paper #2

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Sex and Gender

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paper #2

alex heilbronner

There is an oppositional polarity to all things in life. That is, something can be defined as the opposite of what it is not. Consider the popular childhood game (or is it a holiday?) "opposite day"--if I were to say, "I like your sweater," on opposite day, when everything is opposite, this means that in fact I don't like your sweater. But even when I was an observer/player of this holiday/game, something always bothered me: what constitutes "opposite"? in my over literal, over analytical 7 year old head, I would say to myself, "I like your sweater; not-I doesn't like not-your not-sweater," proving to myself that opposite day, much like opposites themselves, are more complicated than they seem; what is a "not-sweater"? More interestingly, what is "not-you"? Some could say that "not-you" is "me", but then what is "not-he"? "She"? And then we look at Jeffery Eugenides' intersex character Cal(liope) Stephanides from his novel Middlesex... not-he, not-she: what is the opposite of Cal?

Diana Fuss discusses this concept of binaries in her paper Inside/Out. She agrees that a thing is easily definable as the antithesis of what it is not when it is "turned inside out to expose its critical operations and interior machinery (233)." She gives the example of the heterosexual/homosexual dichotomy, saying that homosexuality is defined "in critical opposition to that which it is not (233)," that critically opposed thing being heterosexuality. Yet this "rigid polar logic (234)" clearly excludes alternatives to a dichotomy. Looking at something as simple and seemingly concrete as night versus day, we see that such things as evening, afternoon, and twilight are pushed to one side or the other of this oppositional split.

The world is wrought with binaries, which seem to be opposing weights on the scale of reality, trying to balance it out. But is there really any balance at all? I am experiencing a growing difficulty coming to terms with the binary way of life this society has established for me. Though I am not overly troubled by the exclusion of twilight from the night/day dichotomy, there are other more socially significant dichotomies whose exclusion of interpolar alternatives suggests an inadequacy about these alternatives.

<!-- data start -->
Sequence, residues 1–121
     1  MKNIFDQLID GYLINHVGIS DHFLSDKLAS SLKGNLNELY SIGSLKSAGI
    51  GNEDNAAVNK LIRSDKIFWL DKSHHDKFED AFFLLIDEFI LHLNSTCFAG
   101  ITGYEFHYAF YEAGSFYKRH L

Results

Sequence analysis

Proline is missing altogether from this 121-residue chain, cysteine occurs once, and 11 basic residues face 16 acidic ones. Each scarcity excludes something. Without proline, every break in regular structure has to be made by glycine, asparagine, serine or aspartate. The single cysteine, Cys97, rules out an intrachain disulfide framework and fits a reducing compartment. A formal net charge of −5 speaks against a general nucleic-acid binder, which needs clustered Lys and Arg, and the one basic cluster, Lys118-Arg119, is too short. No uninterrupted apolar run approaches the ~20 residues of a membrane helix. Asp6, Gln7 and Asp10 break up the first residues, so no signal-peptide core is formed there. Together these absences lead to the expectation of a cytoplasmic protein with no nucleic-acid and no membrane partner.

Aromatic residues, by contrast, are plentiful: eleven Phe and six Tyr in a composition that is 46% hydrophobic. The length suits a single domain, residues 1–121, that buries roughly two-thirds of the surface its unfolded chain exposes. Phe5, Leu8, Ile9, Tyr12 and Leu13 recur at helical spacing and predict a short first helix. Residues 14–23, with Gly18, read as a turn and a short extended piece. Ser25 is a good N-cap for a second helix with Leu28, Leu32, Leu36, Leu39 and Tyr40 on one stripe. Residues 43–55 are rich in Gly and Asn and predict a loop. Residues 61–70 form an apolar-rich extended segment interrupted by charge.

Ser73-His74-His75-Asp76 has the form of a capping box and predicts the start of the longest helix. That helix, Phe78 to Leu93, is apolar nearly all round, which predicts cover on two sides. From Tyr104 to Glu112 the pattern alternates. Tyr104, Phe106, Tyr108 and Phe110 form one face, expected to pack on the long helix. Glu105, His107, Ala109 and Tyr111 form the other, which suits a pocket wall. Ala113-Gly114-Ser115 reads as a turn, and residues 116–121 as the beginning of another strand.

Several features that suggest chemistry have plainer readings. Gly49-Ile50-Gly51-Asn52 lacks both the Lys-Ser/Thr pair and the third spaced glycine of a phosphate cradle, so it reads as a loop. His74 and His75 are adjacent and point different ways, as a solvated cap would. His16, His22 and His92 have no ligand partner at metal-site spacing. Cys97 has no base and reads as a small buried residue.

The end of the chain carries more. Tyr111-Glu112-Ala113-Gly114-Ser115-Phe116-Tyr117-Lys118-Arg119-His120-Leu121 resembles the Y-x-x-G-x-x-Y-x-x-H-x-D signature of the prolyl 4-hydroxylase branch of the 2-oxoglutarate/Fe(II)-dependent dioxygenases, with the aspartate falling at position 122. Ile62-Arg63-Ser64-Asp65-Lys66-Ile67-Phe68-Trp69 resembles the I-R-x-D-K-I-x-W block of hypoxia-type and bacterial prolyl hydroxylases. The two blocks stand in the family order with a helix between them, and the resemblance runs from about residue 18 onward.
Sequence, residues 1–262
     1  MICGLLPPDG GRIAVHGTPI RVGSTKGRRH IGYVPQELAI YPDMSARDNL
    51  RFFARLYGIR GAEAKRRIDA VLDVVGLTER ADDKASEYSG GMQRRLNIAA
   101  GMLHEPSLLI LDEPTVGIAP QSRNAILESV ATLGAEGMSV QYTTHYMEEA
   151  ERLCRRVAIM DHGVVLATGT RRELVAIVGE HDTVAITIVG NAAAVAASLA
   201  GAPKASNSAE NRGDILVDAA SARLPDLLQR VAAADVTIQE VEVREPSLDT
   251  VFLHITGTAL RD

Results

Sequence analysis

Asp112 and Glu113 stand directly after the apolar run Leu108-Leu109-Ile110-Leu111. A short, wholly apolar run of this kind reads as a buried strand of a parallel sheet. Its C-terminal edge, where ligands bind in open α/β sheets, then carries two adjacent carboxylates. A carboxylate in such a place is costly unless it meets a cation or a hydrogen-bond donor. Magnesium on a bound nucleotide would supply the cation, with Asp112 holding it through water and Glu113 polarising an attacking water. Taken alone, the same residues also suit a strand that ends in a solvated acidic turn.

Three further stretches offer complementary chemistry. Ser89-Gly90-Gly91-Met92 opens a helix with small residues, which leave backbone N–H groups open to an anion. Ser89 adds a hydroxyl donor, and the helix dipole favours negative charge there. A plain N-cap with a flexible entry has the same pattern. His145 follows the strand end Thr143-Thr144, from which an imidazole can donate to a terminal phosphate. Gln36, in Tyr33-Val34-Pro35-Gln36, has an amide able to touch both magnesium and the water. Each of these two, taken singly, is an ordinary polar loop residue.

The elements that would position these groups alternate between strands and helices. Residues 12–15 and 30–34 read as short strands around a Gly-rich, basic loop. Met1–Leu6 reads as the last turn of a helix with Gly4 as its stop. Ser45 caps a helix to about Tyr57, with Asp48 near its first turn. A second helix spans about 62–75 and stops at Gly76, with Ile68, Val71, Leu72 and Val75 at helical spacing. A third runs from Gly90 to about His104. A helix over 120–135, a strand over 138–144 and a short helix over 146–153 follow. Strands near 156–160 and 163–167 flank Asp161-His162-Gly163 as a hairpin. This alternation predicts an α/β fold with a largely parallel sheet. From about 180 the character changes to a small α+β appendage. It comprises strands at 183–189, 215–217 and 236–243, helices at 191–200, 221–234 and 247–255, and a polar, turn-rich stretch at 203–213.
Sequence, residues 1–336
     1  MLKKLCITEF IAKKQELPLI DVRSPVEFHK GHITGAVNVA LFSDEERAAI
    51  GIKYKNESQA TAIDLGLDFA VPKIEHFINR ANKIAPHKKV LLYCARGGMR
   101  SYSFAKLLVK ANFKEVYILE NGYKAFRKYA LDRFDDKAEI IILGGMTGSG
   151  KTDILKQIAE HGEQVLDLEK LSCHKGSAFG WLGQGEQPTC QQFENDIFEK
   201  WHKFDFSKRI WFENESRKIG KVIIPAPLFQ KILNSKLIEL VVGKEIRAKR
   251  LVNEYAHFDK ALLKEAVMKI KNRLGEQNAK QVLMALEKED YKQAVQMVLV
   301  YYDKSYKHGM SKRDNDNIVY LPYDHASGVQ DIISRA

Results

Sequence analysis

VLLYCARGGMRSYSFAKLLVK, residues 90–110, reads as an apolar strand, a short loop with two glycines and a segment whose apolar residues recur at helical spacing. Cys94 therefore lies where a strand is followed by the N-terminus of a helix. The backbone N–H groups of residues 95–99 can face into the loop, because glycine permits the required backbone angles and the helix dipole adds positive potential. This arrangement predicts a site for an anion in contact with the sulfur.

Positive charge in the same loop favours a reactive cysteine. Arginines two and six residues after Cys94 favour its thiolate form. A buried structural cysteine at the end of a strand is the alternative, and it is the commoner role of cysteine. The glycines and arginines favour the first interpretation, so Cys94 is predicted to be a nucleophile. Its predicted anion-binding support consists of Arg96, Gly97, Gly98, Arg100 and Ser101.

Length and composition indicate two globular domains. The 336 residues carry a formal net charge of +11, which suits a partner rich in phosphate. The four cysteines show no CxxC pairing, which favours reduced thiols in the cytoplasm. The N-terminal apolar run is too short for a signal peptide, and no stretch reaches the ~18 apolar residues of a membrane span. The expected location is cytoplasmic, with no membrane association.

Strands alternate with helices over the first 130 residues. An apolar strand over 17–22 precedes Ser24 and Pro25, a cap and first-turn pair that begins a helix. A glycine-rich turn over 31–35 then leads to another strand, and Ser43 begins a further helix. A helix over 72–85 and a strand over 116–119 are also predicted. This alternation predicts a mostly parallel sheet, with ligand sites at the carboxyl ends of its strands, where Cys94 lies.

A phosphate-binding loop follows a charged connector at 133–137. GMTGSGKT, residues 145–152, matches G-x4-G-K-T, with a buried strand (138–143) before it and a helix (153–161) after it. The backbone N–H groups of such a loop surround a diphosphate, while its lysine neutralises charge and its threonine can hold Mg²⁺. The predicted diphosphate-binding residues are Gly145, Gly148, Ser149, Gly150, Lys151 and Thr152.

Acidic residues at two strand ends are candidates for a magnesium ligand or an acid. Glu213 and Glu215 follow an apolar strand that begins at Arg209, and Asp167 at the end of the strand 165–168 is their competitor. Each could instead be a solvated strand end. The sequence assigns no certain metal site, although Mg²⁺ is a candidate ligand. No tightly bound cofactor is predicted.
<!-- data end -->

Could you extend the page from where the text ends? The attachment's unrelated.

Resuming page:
Getting back to Middlesex, the biological male/female dichotomy is challenged when Cal is biologically neither male nor female, having neither a complete penis nor complete vagina. There is clearly a stigma in our society about hermaphrodites, who don't fit into either end of the gender dichotomy, since infant genital reconfiguration surgery is fairly common among intersex babies. Doctors attempt to "fix" hermaphrodites, claiming to want to give them a shot at a "normal" life. Cal says, "the first to convince the world—and pediatric endocrinologists in particular-- that hermaphroditic genitals are not diseased (106)." Not fitting into a gender box because of biology is rare (Cal says on page 106 that the probability of being born a hermaphrodite is 1 in 2000), rare enough that most people seem to simply ignore the predicament of not having a biological gender.

This is the main problem with the gender dichotomy—the population that fits into neither category is a severe minority, and as the saying goes, there is power in numbers. Having a polarized gender system suggests that there is something wrong with people that cannot fit into either category. Cal's genitals were not reconfigured at birth, because everyone failed to notice their irregularity, yet he always knew he was "different" from other girls, saying,

from the beginning I was aware that there was something improper about the way I felt... something I shouldn't tell my mother, but I wouldn't have been able to articulate it. I didn't connect this feeling to sex. I didn't know sex existed (265).

Cal was raised as a female, but chooses to live his adult life as a male, even though his genitals are still ambiguous. Many intersex people who received reconfiguration surgery switch genders after learning of what happened to them, but are confined aesthetically to the gender of their genitals. Even people with fully formed male or female genitals can choose to live as the other gender. So although people can move from one gender to the other, they can not choose to stop in between the two, or move past either one. But if there is such a fluidity in gender, how can a person be defined as a member of either one of the polar genders? What does it "take" to be a member of a gender? Biology doesn't seem to have a lot to do with it anymore. Perhaps the definition of "female" as "not-male" is inadequate and in need of serious reevaluation.